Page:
refugees

Images are what remain: little children abandoned in the rubble, the dust trail of jeeps riding off burdened with their war-riors screaming shouts of victory, behind them a ransacked town, and the ones who could not escape in time, crucified.

And elsewhere, schools under protection of the international community are bombed, and soldiers enter the empty classrooms and defecate into waist bins and scrawl their chalkboard graffiti death messages on classroom walls. A moth flutters softly in their wake.

In moments when “massacre” is justified by other legitimatizing words such as “revenge” and “defense” and “patriotism,” where does memory go? It must slip into the fog that sits over the great divorce between the past and the present, while men wielding death machines saunter about recklessly and plunge down that same chasm that separates the actions of war from classroom boyhood, when soldiers were children too, and when they had fears and hurts and loves of their own.

Between innocence and hate there is an infinity that passes in the blink of an eye. A jolt from the newness of childhood to….what? How did you learn that they are not human as you are? Who convinced you that they are better off dead? That you are furthering the cause of your home by annihilating theirs? And how is it that there is no pause before you return to your own doorstep to lift your daughter in your arms and kiss your sweet grandmother?

Or is it reaction rather than ignorance? Dear man-boy, shitting in the vacant sanctuary of the children you somehow hate, what was it that was done to you? What planted this seed inside you that spurs you on with your gun and your pride? What watered it and gave it shade and fostered it until it overtook the blood-flow of your pumping heart and blinded you to recognize that same heart in the ones at the barrels of your war machines?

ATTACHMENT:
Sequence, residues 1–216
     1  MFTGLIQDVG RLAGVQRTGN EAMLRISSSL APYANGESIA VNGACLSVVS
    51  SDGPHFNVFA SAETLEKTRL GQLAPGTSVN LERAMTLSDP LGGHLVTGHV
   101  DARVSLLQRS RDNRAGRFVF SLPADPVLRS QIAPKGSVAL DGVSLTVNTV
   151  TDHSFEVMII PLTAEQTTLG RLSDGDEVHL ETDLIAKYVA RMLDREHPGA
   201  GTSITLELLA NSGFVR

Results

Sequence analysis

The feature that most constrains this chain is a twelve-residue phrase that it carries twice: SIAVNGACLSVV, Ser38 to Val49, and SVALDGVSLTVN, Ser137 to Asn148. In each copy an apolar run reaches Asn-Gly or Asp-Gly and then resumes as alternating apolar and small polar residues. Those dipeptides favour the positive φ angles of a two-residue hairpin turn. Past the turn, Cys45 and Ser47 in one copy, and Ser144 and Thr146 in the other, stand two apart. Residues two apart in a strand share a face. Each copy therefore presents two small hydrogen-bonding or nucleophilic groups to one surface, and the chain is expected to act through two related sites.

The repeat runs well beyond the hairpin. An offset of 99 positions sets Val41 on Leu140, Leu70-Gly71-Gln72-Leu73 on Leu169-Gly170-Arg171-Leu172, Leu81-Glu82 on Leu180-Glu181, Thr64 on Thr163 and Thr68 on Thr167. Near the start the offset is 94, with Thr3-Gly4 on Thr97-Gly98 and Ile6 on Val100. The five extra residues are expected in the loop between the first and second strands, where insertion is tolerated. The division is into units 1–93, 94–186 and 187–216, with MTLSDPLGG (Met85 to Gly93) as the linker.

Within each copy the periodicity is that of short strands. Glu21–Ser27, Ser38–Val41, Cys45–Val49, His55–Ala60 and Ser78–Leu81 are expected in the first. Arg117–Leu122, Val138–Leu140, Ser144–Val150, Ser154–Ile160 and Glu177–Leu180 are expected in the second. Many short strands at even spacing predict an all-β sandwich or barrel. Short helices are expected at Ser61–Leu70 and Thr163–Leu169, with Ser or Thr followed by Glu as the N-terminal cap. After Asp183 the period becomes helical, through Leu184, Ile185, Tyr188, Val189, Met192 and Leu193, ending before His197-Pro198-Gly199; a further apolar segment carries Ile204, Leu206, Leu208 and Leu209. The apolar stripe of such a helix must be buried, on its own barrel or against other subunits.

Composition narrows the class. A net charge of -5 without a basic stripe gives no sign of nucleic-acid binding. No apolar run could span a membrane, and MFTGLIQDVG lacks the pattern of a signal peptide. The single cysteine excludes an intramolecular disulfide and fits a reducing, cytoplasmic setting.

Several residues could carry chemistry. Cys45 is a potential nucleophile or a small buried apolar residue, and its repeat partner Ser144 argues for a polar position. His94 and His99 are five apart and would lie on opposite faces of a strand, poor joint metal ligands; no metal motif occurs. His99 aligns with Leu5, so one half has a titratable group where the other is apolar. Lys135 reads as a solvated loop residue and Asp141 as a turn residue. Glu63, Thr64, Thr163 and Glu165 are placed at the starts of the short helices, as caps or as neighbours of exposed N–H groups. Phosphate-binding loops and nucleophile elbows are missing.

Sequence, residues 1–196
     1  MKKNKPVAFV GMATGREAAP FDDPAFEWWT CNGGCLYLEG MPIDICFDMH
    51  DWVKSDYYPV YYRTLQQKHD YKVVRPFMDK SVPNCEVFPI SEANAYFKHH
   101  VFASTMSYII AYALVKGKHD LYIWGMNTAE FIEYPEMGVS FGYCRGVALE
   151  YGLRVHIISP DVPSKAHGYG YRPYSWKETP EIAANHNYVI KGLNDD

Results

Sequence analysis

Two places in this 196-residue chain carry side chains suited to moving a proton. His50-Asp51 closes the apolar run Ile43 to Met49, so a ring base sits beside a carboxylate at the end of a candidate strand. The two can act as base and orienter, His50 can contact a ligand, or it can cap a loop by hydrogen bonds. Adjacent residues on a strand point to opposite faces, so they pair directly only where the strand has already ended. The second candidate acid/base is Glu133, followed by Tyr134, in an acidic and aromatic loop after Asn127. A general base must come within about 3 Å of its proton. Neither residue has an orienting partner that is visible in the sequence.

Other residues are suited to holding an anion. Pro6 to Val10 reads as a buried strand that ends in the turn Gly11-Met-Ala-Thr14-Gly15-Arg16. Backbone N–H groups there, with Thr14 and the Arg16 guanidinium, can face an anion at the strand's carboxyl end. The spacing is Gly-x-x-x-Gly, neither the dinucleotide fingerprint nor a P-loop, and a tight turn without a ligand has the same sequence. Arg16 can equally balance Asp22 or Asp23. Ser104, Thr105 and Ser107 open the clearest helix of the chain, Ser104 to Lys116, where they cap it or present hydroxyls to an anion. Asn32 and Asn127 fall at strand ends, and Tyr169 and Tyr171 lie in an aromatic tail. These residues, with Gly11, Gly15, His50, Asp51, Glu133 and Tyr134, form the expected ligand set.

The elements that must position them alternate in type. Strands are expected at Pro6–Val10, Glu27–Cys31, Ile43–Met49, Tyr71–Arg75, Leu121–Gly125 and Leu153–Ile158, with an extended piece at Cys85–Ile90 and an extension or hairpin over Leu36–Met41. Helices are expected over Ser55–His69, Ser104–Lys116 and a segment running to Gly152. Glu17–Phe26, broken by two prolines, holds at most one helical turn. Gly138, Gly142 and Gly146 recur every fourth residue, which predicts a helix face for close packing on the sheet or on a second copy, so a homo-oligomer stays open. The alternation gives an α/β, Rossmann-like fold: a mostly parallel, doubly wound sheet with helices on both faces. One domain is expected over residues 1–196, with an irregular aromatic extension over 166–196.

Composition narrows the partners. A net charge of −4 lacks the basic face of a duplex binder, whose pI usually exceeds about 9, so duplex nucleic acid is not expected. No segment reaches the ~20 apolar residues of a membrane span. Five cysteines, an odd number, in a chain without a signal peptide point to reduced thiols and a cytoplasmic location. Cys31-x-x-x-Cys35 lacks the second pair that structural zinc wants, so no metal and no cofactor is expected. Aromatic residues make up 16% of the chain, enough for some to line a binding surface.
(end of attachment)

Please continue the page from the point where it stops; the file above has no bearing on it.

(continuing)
There are holes in you and I that I cannot mend. There are holes in the canvas of the world too great to be patched by my paltry pain. I can only grasp at the tatters and peer through and look you in the eye. Can I look you in the eye? Please look back at me. Please, in this place of fears that cannot bear the burning look of what is human, dare to push me past my own prejudice and look at me too. I might turn away, but I promise, if you are patient, you will show me who you are and I will take back every careless word I spoke about you and every murderous attempt, or be brave enough to accept own my depravity and do it to your face, knowing the things about you that I do now.

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